Our own Dr. Komenda joined Shannon O’Kelley on KOMO to discuss the all too common injury, a torn ACL. They review the anatomy of the knee and exactly how our ACL works. They also discuss the signs and symptoms of ACL tears,  what to expect if you experience one, and how to get back to your activities after.

 

LISTEN TO THE FULL INTERVIEW HERE:

 

It’s a Northwest Lifestyle Weekend on KOMO News. IRG’s Health Talk continues.

IRG Physical & Hand Therapy’s Health Talk. The first guest, Greg Komenda, doctor of sports medicine and orthopedic surgeon for Proliance Orthopaedics and Sports Medicine in Issaquah, Redmond, and Bellevue. Jordan Morris, Sounder star out of Mercer Island went to Stanford and is not playing this season because of an ACL issue which is what our topic is going to be. Obviously, it takes a long time to recover.

That is a surgery that takes time. It’s a biological thing. You know, when they put that new graft in there, it’s got to heal down, but the reality of this injury is if you look at Jordan Morris’ injury, it’s a non-contact. It’s a deceleration-type injury that can happen to anybody, right?

All right. Let’s hear what Dr. Komenda has to say, along with Shannon O’Kelley on IRG Physical and Hand Therapy Health Talk.

Shannon O’Kelley: Dr. Komenda, welcome, welcome, welcome, welcome. How are you?

Dr. Komenda: I’m doing great this morning. Thank you for having me.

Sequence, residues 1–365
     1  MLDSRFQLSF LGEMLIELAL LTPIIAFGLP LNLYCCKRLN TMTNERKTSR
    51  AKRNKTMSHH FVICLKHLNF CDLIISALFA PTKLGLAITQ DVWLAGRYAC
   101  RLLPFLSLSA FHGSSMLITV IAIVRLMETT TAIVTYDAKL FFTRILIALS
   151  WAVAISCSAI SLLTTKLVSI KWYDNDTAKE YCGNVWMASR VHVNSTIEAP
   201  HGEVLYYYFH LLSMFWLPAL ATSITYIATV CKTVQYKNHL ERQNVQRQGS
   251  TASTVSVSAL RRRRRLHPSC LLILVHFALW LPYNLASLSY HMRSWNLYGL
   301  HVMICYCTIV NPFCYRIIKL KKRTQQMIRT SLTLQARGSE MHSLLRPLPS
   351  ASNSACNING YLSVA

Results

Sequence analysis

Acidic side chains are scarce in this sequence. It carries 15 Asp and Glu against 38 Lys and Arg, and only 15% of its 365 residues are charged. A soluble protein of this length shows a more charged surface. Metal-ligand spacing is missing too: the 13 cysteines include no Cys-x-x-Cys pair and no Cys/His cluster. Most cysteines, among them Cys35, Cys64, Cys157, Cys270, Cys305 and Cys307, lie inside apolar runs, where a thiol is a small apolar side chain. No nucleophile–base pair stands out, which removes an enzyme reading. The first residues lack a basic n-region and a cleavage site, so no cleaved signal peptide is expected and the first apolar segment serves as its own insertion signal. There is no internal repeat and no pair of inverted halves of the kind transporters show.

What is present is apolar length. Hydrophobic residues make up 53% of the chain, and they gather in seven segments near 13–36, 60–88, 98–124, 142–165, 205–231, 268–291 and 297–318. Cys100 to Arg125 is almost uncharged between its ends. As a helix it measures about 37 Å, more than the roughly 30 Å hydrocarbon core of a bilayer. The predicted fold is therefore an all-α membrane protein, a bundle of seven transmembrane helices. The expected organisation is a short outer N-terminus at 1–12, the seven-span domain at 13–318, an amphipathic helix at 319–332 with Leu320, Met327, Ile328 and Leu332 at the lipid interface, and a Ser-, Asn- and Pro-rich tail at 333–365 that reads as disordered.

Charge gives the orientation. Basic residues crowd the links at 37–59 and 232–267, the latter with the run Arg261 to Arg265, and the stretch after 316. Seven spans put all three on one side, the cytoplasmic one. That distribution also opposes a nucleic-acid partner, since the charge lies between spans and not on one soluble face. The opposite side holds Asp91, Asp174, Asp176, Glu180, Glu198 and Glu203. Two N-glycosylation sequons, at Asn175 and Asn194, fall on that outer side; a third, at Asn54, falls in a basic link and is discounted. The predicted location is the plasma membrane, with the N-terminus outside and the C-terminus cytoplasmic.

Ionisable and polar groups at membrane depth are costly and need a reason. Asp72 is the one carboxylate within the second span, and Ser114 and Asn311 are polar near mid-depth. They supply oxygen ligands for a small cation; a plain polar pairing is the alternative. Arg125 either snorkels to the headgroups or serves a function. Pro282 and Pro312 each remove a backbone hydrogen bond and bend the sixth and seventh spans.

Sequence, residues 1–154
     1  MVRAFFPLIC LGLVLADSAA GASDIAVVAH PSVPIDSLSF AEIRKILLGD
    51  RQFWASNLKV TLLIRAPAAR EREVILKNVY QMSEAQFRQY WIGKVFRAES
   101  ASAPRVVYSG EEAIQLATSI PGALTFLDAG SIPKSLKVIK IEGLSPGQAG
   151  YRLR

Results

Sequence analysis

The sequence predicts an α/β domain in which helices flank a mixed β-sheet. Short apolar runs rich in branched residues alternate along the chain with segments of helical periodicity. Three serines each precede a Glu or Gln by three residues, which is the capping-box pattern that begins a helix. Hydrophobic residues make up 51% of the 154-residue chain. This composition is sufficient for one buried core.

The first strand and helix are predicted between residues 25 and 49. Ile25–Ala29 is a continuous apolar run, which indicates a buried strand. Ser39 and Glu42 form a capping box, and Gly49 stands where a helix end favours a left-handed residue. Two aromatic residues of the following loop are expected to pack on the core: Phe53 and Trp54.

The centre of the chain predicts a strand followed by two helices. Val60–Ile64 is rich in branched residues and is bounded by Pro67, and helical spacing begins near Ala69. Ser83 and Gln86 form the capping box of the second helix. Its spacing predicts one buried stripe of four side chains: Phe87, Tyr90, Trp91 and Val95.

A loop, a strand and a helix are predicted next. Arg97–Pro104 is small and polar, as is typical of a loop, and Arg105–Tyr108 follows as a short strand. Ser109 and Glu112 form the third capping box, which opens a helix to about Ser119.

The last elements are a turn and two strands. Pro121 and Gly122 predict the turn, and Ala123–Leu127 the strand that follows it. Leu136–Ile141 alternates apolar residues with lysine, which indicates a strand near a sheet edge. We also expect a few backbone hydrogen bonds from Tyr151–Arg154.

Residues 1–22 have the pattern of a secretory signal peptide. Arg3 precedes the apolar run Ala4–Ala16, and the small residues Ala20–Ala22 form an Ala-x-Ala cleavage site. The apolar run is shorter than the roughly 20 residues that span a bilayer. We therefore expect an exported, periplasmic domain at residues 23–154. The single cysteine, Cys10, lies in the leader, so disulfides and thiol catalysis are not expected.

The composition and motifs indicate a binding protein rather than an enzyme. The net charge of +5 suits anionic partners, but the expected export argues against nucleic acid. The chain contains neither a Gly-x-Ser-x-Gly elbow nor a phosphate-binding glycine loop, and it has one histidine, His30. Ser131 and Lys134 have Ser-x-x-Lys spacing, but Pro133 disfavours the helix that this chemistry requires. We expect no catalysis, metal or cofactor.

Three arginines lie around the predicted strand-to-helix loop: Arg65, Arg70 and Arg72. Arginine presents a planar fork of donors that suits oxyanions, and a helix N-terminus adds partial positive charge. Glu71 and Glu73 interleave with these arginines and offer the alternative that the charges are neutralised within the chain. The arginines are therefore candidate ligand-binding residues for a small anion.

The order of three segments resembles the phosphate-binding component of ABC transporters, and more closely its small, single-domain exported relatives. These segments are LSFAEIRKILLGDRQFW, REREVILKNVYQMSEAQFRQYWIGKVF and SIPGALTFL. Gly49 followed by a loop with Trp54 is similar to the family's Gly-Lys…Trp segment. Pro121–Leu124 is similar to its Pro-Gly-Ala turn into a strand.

Shannon O’Kelley: Well, and we’re lucky and glad that you’re here because we’re going to talk about a topic that is in the news regularly, and particularly in athletics and people that are active in their life, and that’s ACL tears and the reconstruction aspect, and return to play or return to recreation, but before we do that, tell us and our listeners about your specialty and your area of practice.

Dr. Komenda: Well, I’ve been in the Seattle area since 1974, and I went to some different cities for medical training, to St. Louis and Baltimore, but I’ve been back here for the last 21 years, sports fellowship trained, so I’m part of Proliance Surgeons, and particularly our group is Proliance Orthopaedics & Sports Medicine. We’re located on the east side. We’re in Bellevue, Issaquah, and Redmond. I personally do sports medicine, so take care of ACL tears, meniscal tear, do a lot of rotator cuff injuries and labral tears, so I deal with athletes and pitchers and football players, lacrosse players, and then also the weekend warriors like us.

Shannon O’Kelley: Like us, exactly, and I just got back from skiing, and every time I go skiing, I look around and you know, you’re in the airport at these big resorts, and people are in knee braces, and you’re going, “Oh, I bet that’s an ACL,” because that’s a real common tear in skiing is that ACL. Tell our listeners about the anatomy of the knee, and let’s particularly talk about the ACL and how it’s so important for stability.